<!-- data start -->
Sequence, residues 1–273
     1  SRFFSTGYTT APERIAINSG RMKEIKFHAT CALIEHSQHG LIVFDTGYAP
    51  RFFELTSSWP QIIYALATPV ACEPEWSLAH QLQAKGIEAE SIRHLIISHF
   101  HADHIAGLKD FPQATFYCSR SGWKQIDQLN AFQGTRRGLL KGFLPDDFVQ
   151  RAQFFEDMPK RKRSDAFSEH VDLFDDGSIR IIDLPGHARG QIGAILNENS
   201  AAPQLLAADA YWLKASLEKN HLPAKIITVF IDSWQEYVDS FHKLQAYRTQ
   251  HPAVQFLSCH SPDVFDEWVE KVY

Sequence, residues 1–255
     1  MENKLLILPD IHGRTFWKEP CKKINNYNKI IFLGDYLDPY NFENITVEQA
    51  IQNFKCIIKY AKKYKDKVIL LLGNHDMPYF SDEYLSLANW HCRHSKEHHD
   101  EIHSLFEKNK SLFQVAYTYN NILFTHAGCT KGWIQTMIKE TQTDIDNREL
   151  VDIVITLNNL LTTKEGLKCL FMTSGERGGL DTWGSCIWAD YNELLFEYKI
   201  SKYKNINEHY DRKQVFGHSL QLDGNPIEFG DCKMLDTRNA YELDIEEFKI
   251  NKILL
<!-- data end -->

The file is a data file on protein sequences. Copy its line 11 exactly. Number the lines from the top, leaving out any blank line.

   101  EIHSLFEKNK SLFQVAYTYN NILFTHAGCT KGWIQTMIKE TQTDIDNREL